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Tadka – the Indian Seasoning {Recipe tips}

My good friend, Cindy, on reading the lemon rice recipe, asked me what tadka was. So this post is dedicated to her. :)

You see, Indian cuisine, like her people and cultures, is very varied. You have Punjabi, Mughlai cuisine from the north; Gujrati, Maharashtrian cuisine from the west; South Indian cuisine from the south (obviously); Odiya and Bengali cuisine from the east. Each is different from the other significantly. Each is unique. Each also has some common recipes and preparation methods with the other too.

One such common yet unique thing about all of these is the “tadka”. Also called as bagar, phoron, fodni, chaunk, popu and many many more names, this is “the Indian seasoning” that is believed to add flavor, taste as well as digestive capabilities to dishes.


Typical recipe of tadka involves heating oil or ghee {clarified butter} and adding one or more spices to it. Once the spices get nicely cooked and start spreading their rich aroma, the main ingredients are added to this mixture and cooked. Sometimes the whole dish is cooked thoroughly and just before serving, tadka is added to it. {My grandmama did this to her gravy dishes and people were left licking their fingers!}

Although tadka makes for an insignificant amount of ingredients as compared to the amount of main ingredients, let that not fool you about its importance to the flavor. In fact, I dare say, getting your tadka right is the first step towards mastering Indian cooking.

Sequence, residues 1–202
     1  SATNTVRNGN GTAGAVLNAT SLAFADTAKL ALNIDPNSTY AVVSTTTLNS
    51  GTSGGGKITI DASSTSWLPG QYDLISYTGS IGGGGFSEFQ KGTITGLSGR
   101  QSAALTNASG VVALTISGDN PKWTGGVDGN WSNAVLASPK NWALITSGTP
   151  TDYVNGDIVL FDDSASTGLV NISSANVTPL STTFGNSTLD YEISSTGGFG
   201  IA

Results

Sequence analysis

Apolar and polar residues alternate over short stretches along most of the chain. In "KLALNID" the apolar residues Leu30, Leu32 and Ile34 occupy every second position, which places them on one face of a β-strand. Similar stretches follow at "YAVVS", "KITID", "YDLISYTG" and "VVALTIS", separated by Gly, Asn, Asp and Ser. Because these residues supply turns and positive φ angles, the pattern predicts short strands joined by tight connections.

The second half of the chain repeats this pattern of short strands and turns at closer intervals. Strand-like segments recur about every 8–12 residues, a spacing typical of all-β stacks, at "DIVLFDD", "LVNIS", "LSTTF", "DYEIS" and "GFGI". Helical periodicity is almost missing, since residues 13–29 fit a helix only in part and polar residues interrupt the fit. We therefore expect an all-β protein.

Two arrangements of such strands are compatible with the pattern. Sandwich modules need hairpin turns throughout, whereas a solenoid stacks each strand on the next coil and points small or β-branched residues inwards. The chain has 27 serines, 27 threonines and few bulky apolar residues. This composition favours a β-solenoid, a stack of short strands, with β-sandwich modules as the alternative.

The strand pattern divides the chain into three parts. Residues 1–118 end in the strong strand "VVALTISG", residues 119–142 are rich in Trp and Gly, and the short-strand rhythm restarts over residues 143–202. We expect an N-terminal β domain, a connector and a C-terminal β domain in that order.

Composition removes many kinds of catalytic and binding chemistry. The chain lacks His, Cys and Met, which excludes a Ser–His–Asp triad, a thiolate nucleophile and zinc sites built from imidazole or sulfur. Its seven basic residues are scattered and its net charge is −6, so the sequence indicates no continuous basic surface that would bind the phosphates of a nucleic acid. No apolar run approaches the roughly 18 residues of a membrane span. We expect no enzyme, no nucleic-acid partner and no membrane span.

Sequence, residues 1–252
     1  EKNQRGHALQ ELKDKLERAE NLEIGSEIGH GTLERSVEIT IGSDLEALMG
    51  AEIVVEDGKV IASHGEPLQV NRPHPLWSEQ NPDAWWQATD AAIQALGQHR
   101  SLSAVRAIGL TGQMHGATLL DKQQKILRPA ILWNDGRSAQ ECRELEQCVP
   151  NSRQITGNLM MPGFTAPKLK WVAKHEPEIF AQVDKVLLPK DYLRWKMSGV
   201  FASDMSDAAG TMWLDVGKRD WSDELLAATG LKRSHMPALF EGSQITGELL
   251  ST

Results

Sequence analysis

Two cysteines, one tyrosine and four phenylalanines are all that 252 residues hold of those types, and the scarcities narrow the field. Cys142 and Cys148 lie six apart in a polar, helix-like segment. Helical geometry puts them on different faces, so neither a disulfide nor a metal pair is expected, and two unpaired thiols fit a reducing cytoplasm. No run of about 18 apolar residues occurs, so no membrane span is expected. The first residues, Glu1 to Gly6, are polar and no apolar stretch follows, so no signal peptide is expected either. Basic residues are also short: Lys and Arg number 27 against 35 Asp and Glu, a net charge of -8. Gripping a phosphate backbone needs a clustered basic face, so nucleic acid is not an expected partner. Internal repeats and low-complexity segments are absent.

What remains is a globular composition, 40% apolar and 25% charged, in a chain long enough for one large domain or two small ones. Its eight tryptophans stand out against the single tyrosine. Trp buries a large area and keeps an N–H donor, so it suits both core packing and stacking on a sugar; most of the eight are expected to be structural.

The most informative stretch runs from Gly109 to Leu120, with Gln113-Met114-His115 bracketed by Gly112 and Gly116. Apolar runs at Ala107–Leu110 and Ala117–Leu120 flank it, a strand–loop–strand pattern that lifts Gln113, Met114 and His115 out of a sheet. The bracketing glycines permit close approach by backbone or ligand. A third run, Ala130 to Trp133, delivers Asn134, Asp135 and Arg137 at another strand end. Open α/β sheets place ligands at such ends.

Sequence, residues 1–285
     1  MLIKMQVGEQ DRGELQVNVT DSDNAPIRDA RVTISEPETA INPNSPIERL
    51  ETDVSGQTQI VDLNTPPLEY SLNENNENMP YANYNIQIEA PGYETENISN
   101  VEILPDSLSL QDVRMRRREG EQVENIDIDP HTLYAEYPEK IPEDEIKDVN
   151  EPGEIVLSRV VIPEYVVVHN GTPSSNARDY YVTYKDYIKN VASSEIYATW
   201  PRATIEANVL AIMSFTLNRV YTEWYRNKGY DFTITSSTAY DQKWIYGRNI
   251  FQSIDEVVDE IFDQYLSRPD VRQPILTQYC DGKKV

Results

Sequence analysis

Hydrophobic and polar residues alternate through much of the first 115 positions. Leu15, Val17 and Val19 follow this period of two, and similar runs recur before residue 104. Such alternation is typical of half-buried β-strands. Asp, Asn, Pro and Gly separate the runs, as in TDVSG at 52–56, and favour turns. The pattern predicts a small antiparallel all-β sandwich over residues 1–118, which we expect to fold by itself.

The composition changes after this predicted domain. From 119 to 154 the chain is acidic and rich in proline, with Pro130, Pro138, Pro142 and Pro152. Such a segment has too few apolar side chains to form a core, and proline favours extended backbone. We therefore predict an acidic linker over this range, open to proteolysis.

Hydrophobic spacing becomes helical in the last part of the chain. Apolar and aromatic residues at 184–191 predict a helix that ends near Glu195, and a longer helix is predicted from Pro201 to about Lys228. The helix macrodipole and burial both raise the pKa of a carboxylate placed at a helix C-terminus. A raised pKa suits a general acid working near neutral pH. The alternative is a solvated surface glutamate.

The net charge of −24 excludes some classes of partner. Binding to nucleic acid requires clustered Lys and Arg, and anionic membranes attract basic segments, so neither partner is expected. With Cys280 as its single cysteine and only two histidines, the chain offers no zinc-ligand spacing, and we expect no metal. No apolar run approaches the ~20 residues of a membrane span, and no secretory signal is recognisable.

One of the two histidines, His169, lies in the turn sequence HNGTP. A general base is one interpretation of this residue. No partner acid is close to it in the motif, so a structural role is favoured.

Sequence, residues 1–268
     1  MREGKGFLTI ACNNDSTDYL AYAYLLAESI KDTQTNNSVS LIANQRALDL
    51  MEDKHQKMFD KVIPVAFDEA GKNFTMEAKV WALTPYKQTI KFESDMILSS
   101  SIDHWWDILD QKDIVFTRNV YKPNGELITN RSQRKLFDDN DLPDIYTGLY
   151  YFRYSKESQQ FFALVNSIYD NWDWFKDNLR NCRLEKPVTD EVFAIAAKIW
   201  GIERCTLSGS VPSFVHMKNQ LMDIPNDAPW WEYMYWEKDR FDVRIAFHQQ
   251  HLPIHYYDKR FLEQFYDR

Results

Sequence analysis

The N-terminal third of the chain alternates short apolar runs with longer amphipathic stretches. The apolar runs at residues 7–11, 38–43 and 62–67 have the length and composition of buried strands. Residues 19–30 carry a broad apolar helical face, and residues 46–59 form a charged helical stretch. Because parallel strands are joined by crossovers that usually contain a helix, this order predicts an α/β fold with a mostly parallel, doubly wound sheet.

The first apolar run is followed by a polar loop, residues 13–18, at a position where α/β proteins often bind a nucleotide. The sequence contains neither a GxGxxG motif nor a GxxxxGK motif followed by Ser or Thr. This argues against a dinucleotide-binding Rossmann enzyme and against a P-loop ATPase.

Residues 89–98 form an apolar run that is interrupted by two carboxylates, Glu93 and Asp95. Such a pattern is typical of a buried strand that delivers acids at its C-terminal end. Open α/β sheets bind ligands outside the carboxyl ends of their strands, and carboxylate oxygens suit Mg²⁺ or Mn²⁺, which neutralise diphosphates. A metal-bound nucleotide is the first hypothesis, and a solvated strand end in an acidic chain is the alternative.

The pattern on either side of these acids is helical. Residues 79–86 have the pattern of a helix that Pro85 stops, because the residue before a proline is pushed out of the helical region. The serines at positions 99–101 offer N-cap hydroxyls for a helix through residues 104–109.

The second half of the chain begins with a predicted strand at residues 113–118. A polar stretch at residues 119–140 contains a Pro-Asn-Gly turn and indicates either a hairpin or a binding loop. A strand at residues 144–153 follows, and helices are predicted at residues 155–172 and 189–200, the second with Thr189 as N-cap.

Here are some tips to learn how to do it right.

Heat the oil or ghee till it is hot but not smoky. If it gets too hot, it will burn the spices and your dish will get a bad aroma.

When adding spices to the heated oil, add the ones that take longer to cook first and others later. For example, when I make the lemon rice and add different lentils to it, I add them first as they take a little longer to cook.

If you are adding asafetida and need to sauté onion in tadka, add the asafetida first. It will enhance the flavor of onions nicely.

By varying the spices you can entirely change the flavor of a dish. For example, when you are making potato stir fry {aloo ki subzi}, if you add fenugreek seeds {methi} + spilt black beans {dhuli urad daal} to tadka, it will taste very very different.

Here are some fab Indian food bloggers and how they use tadka in their dishes.

Devika’s Gujrati Kadhi


Deepa’s dal tadka


Jagruti’s Aloo Panch Phoron


For more details about panch-phoron from Kankana click here

Bisi Bile Bhath from Radhika


Hmmm.. All those dishes are making me hungry for my mom’s cooking. I wish we were together. Always. :)

Hhhmmmm… Millions of Diwali lights, the company of loved ones and delicacies on your table.

Those are my wishes for you on this Diwali.

Happy Diwali to All


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